Celebrating Allies Is Not Queer Justice

Somebody once described the nature of our representative democracy to me as an exercise in choosing the least of all evils. This may seem like wry humour, but in these progressively dreadful times, it implies that evil is part of the fabric of governance in our land; that the see-saw between power and responsibility attributed to the government is ever-so-often tipped towards the former. So much so that when we are given the slightest bit of attention or shown the smallest of soothing gestures, we hype it up. In Youtube dating guru lingo, this is called ‘breadcrumbing’. Like Hansel & Grethel, we seem to get led away from our community values by a path laden with crumbs. Morsels of food that will possibly never satisfy us, and will always leave us wanting for more. When we turn away from them, we are confronted with a dark path with no signage, so we continue to chase the crumbs.

Recently, there was a much-celebrated post about how the newly-elected State government in Tamil Nadu had responded to a call of accountability by allowing transgender people to travel for free, akin to the existing allowance extended to women in the state. For some reason, the celebration hugely upset me. Amidst this pandemic wherein people seem to be dropping dead around us, wherein the vaccine is rationed out based on your access to state-sanctioned identity and smartphone apps, this simply was too little too late, and quite out of place.

We simply cannot afford for affirmative action to be rolled out at such a snail’s pace. To expect sweeping reforms in gender mainstreaming policies is not asking for too much, but is merely a timely response to an urgent need of the hour. In the increasingly visible and publicized public discourse of recent past, several fundamental asks have been put forth:

  • for trans-women to be legally acknowledged as women and for trans-men to be recognized as men;
  • for non-binary genders to be included in socio-legal classifications;
  • for the socio-economic plight of genderqueer persons to be taken into account while creating policies, accommodating our frequent alienation from familial and social institutions, which increase our vulnerability to various forms of systemic violence that affect our physiological as well as psychosocial states of well-being;
  • for support in our quest for redistributive material justice, which will help us build care systems and communities suited for our self-identified needs;
  • for gender sensitization to be woven into existing healthcare and educational systems;

Such basic affordances will perhaps clear the way for intersectionally-aware care work to begin in policy, along with the community of marginalized genders (as opposed for the community).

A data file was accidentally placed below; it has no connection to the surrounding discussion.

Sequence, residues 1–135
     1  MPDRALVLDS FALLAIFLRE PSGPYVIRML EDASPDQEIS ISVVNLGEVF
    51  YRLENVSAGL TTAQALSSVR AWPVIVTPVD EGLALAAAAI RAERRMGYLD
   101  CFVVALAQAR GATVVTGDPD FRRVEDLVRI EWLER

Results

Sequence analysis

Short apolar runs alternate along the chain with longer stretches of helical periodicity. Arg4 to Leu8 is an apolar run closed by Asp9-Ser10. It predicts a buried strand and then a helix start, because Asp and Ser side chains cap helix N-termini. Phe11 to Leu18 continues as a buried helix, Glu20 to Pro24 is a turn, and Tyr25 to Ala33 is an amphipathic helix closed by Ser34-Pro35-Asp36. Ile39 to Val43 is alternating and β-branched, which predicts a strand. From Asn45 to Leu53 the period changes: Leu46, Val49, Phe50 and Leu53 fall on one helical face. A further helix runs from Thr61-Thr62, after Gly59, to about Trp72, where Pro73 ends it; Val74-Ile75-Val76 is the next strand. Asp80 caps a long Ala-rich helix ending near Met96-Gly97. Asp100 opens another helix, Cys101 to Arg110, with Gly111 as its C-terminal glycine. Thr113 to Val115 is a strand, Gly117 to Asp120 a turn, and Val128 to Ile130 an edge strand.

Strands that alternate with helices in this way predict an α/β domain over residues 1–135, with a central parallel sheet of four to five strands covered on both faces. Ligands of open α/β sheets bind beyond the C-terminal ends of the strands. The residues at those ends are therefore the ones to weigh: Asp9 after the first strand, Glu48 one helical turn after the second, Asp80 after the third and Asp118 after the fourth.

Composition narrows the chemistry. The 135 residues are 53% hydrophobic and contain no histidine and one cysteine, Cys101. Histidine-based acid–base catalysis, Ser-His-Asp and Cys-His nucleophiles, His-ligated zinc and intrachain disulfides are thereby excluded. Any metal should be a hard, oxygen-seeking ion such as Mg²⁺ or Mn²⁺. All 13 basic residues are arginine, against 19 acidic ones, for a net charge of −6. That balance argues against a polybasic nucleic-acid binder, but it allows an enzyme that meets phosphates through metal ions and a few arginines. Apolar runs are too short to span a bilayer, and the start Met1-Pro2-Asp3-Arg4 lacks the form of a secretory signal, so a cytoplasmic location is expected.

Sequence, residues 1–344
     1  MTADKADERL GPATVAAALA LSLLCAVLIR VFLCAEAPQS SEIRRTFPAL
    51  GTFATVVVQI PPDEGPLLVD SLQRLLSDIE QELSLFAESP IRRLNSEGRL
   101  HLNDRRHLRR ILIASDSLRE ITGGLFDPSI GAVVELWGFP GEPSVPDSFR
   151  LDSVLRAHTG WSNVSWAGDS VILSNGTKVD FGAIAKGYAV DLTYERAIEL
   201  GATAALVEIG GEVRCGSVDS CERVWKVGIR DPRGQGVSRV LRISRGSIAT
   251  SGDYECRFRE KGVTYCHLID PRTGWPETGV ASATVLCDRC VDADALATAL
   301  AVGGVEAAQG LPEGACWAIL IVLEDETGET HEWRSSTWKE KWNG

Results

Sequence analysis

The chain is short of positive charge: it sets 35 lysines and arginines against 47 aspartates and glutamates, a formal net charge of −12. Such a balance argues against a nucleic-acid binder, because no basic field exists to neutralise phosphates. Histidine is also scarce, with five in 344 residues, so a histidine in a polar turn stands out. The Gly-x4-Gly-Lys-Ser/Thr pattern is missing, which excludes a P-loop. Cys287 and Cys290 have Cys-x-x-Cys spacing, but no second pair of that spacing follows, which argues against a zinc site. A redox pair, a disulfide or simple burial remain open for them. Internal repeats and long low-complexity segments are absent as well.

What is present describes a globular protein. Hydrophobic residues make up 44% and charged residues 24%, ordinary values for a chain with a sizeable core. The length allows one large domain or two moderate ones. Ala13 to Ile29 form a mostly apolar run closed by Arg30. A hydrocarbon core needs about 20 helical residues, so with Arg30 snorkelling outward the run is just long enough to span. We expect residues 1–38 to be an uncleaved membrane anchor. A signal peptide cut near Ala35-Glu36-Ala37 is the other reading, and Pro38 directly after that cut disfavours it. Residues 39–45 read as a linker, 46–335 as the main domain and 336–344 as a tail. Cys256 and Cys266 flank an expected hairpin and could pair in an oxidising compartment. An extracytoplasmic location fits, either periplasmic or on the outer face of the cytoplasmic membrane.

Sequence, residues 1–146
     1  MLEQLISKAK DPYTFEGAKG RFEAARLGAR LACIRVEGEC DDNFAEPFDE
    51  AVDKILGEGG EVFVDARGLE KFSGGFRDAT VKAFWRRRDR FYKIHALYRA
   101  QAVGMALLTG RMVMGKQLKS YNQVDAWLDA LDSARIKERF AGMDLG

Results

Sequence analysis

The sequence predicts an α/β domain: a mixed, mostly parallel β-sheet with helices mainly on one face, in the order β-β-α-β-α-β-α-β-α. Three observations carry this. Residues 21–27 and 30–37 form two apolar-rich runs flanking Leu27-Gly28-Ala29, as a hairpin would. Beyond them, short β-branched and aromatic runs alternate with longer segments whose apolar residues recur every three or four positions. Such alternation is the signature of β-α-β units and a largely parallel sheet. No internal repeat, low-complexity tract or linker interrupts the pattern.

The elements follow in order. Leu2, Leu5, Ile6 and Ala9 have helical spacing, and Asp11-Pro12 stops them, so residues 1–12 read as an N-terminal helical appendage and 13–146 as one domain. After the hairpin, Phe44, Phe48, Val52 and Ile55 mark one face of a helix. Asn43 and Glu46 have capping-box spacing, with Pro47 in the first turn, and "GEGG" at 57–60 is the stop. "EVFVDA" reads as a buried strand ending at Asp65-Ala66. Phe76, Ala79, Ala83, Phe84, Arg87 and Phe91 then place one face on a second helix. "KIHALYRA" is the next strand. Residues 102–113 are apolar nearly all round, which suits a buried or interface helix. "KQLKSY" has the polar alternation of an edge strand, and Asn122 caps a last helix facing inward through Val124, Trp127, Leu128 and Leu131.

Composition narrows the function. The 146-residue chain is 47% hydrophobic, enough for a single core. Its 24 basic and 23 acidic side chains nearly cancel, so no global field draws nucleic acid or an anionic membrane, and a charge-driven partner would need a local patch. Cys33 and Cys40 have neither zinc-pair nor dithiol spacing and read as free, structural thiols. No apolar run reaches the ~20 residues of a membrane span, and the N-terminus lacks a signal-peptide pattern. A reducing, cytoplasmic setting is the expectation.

When we have worked through eons of intergenerational trauma to clearly articulate our needs and come forth with well-defined asks, why are we still being politically breadcrumbed?

In addition to this situation of lazy policy formulation, it seems to have become common media practice to fall back on identifying allies among cis-het-people with caste privilege like Shashi Tharoor, Shatrughan Sinha, Prakash Raj, Gautam Gambhir, Atishi, Sonia Gandhi, and others as those deserving of our political attention. Time and again, the queer justice movement has advocated for the narrative to be centered (only) around our own lives and being. The role of allies is on the fringes, and we don’t owe them our allegiance when they stand to gain personally from it.

For as long as we see our democratic machinery as choosing among a bevy of evils, we will never be able to talk about the systemic barriers to queer agency in our daily lives.

Bottomline: We have got to stop talking about allies! The lives, morals, moves, quests, and wins of our allies cannot be celebrated as our own. Not while our bodies are being ravaged by a progressively virulent pandemic; our well-being is violently ploughed over and over in the face of an unfolding climate crisis, deep caste-based discrimination, and system-enabled practices of bullying & slavery such as incarceration.

This story was about: Activism Celebs Community Opinion Politics Pride

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Tejaswi is journalist and researcher whose attention is captured by post-colonial human relationships at a time of the Internet of Things. She can't wait to become a full-time potter soon, though!

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